Since I discussed the opening chapter of Jo Manning’s Seducing Mr. Heywood, I wanted to explain why I stopped reading (at about 60% in; I skimmed the rest). This book was just OK for me, and I have other books waiting that I’m excited to read, so I set it aside. Where my Chapter One post was an argument about how the book works on its own terms, this one is a comment on how it worked–or failed to–for me.
The basic concept of this book–notorious, rakish heroine and country vicar–appealed to me because it flips romance conventions, and I love a redemption story. Widowed for a third time and abandoned by her lover, Lady Sophia Rowley goes to Yorkshire to nurse her wounds; there she’s gradually reminded of the real self she’s lost sight of thanks to the fact that her father repeatedly sold her into marriage, in one case an abusive one. This is a great plot, but Manning pulls too many punches and over-stuffs the novel, leaving too little room to portray the changes in Sophia’s character in a way that feels believable and satisfying. The scenes are short (often just a couple of pages) and jump around among the characters, and that choppiness contributed to my sense that the novel lacks emotion and believable character development.
There’s one way in which Manning doesn’t pull her punches: Lady Sophia really did have affairs (she gave her much older husband, still in love with his first wife, the heir and spare he needed, then went off to live her separate life with his blessing). I liked that. But I thought she changed too quickly and without the struggle that real redemption requires. For instance, at the novel’s start, Sophia hasn’t seen her sons for several years. But suddenly she’s remembering how much she loved them as babies. They come home from Eton, hugs all around, and ta da! she’s a loving mother from then on.
In the first chapter, Sophia is rude, selfish, doesn’t remember servants’ names, and curses like a sailor. But that woman disappears almost immediately. There’s the loving mother thing. There’s the fact that, though she didn’t make it home for her husband’s funeral, she’s soon going to his grave to discuss their sons. From there, it’s a short step to nursing the poor through an outbreak of putrid sore throat (and I just didn’t find this saintliness historically plausible). We’re told that Charles Heywood works with the boys “to devise ways of letting their mother know that the servants liked to be complimented,” and we see that suddenly she’s doing it (and is promptly beloved by the staff and taking an interest in all their concerns), but there isn’t a scene where we see her boys changing her, nor any intermediate steps. A lot of the things that interested me most happen off page or are briskly narrated; instead, we get a pointless kidnapping plot and the search for a lost governess.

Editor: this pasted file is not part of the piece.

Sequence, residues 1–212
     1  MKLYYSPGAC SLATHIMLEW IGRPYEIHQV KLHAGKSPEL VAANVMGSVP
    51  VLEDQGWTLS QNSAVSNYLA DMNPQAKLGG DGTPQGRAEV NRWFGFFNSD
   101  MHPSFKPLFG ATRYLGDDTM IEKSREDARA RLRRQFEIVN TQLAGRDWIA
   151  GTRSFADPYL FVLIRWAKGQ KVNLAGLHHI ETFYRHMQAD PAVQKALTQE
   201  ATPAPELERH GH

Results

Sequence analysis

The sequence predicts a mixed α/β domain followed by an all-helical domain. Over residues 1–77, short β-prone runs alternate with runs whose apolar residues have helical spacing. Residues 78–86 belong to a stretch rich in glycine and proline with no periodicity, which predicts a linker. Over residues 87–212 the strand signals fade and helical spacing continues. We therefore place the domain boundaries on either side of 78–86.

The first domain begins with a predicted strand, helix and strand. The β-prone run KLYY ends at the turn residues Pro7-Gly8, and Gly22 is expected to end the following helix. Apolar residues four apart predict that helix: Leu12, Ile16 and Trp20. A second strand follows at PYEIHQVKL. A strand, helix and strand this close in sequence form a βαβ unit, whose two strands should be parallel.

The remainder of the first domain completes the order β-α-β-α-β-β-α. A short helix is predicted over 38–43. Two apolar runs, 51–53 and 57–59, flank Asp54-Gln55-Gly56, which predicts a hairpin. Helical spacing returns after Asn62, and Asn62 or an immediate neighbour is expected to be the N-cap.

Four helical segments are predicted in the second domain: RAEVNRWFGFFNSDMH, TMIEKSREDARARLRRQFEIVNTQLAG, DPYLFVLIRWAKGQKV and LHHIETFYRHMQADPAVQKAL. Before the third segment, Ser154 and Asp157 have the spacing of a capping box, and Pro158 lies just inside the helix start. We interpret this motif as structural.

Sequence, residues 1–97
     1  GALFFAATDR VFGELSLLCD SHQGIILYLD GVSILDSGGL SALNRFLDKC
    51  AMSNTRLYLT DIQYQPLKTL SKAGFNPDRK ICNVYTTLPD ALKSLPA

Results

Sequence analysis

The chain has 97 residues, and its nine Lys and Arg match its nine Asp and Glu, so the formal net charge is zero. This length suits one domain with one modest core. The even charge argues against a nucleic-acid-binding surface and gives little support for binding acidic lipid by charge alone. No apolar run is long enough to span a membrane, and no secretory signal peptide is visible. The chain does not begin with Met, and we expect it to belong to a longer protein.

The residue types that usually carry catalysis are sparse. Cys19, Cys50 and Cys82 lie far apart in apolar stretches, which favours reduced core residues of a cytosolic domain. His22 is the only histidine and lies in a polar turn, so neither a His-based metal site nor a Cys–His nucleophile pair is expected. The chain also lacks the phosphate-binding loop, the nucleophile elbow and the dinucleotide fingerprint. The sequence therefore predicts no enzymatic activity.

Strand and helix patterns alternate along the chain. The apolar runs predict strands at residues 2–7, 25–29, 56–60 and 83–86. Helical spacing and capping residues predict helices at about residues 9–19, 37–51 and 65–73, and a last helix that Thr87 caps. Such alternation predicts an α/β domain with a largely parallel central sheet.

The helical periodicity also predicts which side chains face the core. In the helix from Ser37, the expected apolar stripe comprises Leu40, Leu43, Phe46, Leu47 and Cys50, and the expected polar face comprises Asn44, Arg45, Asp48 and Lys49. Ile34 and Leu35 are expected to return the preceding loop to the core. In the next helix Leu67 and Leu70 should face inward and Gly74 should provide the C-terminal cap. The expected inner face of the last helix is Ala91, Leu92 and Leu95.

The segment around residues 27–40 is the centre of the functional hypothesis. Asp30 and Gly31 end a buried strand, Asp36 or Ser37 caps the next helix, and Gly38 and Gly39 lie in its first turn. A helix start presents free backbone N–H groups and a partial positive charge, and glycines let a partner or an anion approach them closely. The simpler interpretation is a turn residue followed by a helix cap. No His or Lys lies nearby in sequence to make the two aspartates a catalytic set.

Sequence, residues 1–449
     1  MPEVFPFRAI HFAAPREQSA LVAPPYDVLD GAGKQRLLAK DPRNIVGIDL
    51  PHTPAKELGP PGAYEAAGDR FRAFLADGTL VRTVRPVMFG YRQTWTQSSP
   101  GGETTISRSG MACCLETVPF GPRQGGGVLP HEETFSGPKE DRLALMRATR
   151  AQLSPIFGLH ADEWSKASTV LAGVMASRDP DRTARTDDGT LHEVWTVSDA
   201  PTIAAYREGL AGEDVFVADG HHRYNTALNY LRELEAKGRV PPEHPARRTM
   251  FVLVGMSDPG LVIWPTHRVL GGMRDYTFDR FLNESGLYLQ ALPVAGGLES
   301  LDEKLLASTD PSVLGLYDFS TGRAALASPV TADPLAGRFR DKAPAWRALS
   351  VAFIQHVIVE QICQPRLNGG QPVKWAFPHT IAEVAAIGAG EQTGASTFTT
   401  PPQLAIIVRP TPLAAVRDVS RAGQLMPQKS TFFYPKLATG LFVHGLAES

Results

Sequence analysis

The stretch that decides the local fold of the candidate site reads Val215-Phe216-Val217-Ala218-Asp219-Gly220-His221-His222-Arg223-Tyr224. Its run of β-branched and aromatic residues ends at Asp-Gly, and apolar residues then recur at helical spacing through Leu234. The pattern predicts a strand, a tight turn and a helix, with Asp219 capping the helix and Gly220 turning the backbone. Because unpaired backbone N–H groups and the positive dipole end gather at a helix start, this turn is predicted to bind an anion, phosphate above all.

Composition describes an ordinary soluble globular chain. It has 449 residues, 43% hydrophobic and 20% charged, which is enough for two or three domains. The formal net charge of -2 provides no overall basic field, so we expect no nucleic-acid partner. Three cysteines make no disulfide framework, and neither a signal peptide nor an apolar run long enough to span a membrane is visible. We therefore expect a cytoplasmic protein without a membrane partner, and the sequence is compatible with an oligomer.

Here’s the kind of thing that made the book feel emotionally flat to me. Sophia has just found out that her children were kidnapped:
She shuddered, then made a decision to carry on. There was nothing more she could do. She was in despair; weeping and wailing and tearing her hair was what she wanted to do, but she could not, not in front of everyone.
Sophia knew she must regain control of her emotions and carry on, for her sake and for the sake of her distraught staff. Telling stories to Chloe [a farmworker’s child she’s been nursing], keeping her promise to the child, would erase this horror from her mind for a short time.
The sequence here is totally plausible–she makes up her mind to be calm because losing control will help no one, and she finds a useful distraction. But there’s no detail that makes me feel it.
By contrast, here’s a passage from Cecilia Grant’s A Gentleman Undone, the book I picked up instead, that worked better for me at conveying the character’s feelings:
She moved her thumb infinitesimally over the fine stitching of the waistcoat’s armhole, her only outward manifestation of unease. What would she do if he should bid her come and kneel? She’d never refused him before.
No. I don’t want to. The novel words loitered just at the back of her teeth. She could taste them.
The little details–like Lydia’s feeling the stitching of the waistcoat she just wants to put on her protector so she can get him out of the house–made me feel the constraints her role of mistress places her under and her longing to be free.
Finally, I found Manning’s prose uneven. There are some lovely descriptive passages: “The moon and the night were communing, or so it seemed to Charles when he rushed into the garden and saw Sophia’s pale hair brushing against Brent’s dark head” (picking up on the opening chapter’s association of Sophia with the goddess Diana). But then there’s stuff like a modiste who won’t let just any woman “ply her custom” at her shop (you ply a trade; it’s the modiste who’s plying). Or “a rush of unpleasant memories crowded Sophia’s mental processes.” Awkward phrasing like that jerked me out of the story.
If you’d like to hear from readers who finished Manning’s book, try reviews from Rosario, The Romance Reader, or All About Romance. For me, Seducing Mr. Heywood was like the outline of a more engrossing book: the great ideas were all there, but in execution, they weren’t developed.